Worldwide malaria deaths may be double previous estimates, according to a study by researchers at the University of Washington in the US.
The scientists, led by Dr Christopher Murray from the Institute for Health Metrics and Evaluation (IHME) at the University of Washington, analysed all available data on malaria mortality from 1980 to 2010. Their findings, which are published in the medical journal The Lancet, showed much higher death rates than those estimated by the World Health Organisation (WHO).
According to the study, which was funded by the Bill and Melinda Gates Foundation, there were 1.24 million deaths from the mosquito-borne disease in 2010 – almost twice the figure of 655,000 estimated by the World Health Organisation (WHO) in its 2011 World Malaria Report.
The new research concluded that worldwide deaths had risen from 995,000 in 1980 to a peak of 1.82 million in 2004, before falling to 1.24 million in 2010.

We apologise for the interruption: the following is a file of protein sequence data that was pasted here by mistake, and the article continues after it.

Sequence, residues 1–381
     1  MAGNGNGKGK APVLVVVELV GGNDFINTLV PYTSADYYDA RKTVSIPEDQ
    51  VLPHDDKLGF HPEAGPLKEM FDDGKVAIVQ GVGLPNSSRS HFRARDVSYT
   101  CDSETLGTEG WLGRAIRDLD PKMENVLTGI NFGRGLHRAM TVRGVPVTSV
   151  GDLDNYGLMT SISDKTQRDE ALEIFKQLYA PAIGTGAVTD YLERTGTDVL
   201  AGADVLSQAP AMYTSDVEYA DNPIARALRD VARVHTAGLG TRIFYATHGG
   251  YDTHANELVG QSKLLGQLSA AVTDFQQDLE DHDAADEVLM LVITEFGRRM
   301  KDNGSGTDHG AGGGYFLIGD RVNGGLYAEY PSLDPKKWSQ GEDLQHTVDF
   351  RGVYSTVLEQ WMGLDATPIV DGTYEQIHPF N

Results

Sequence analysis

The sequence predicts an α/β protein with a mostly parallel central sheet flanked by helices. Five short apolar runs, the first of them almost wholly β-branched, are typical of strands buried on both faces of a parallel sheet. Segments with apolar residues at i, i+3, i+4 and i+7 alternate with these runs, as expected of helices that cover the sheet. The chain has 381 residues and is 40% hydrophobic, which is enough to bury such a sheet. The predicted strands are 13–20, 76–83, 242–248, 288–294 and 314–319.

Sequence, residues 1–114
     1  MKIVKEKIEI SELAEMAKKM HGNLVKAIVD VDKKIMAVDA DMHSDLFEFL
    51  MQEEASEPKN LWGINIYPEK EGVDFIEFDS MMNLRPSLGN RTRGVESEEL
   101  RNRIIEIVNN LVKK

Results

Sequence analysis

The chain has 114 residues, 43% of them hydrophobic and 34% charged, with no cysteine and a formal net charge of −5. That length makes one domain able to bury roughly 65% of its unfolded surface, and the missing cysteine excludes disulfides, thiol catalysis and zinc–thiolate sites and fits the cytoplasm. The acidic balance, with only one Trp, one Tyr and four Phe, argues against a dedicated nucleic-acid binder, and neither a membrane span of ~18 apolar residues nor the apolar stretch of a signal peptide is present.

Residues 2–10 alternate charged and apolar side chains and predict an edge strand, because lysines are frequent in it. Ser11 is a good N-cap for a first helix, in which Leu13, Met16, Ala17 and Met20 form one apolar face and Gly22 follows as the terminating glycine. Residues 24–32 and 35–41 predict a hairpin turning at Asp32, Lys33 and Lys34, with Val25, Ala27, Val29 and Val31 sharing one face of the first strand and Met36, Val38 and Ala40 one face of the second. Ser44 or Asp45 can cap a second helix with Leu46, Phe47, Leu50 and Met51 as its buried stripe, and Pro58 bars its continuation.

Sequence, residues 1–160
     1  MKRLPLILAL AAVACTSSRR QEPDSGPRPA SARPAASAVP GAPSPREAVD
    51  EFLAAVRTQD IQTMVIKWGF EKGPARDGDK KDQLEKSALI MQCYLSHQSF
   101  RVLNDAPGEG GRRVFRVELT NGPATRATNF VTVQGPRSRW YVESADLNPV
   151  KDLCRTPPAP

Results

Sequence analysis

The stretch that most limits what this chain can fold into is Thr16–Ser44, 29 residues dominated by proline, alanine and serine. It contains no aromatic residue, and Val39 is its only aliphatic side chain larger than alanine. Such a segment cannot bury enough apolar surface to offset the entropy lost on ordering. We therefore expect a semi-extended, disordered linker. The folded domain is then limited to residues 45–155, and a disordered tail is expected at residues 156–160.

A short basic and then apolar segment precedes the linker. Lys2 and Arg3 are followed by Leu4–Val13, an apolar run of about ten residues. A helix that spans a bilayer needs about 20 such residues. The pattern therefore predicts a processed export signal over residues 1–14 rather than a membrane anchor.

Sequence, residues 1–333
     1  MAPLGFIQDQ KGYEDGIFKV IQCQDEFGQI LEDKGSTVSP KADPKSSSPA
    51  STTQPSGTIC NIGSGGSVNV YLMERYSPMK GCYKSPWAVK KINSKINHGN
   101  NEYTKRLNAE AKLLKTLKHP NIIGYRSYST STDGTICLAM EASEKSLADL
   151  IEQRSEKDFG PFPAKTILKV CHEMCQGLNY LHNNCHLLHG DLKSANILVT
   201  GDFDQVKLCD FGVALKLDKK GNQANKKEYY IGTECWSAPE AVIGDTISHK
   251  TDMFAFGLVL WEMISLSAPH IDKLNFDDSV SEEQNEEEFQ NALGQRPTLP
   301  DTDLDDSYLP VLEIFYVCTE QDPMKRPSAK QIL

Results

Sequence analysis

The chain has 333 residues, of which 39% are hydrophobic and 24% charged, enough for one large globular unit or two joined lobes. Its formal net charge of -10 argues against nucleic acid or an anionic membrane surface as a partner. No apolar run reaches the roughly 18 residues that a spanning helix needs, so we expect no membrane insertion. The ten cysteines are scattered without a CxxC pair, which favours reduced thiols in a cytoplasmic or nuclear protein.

The largest number of malaria deaths occurred in Africa. Here 493,000 died from the disease in 1980, rising to 1.6 million in 2004, before falling by about a third to 1.1 million in 2010.
Outside Africa, malaria deaths have been on a steady decline for 30 years, falling from 502,000 in 1980 to 104,000 in 2010.
While most deaths were among young children, the report noted a higher proportion of deaths among children over five and adults than previously estimated by the WHO. There were 435,000 deaths among this age group in Africa and 89,000 deaths outside that continent in 2010.
‘You learn in medical school that people exposed to malaria as children develop immunity and rarely die from malaria as adults,’ said Dr Murray.
‘What we have found in hospital records, death records, surveys and other sources shows that just is not the case,’ he explained.
The researchers also concluded that malaria eradication was not a possibility in the short-term.
‘We estimated that if decreases from the peak year of 2004 continue, malaria mortality will decrease to less than 100,000 deaths only after 2020,’ they said.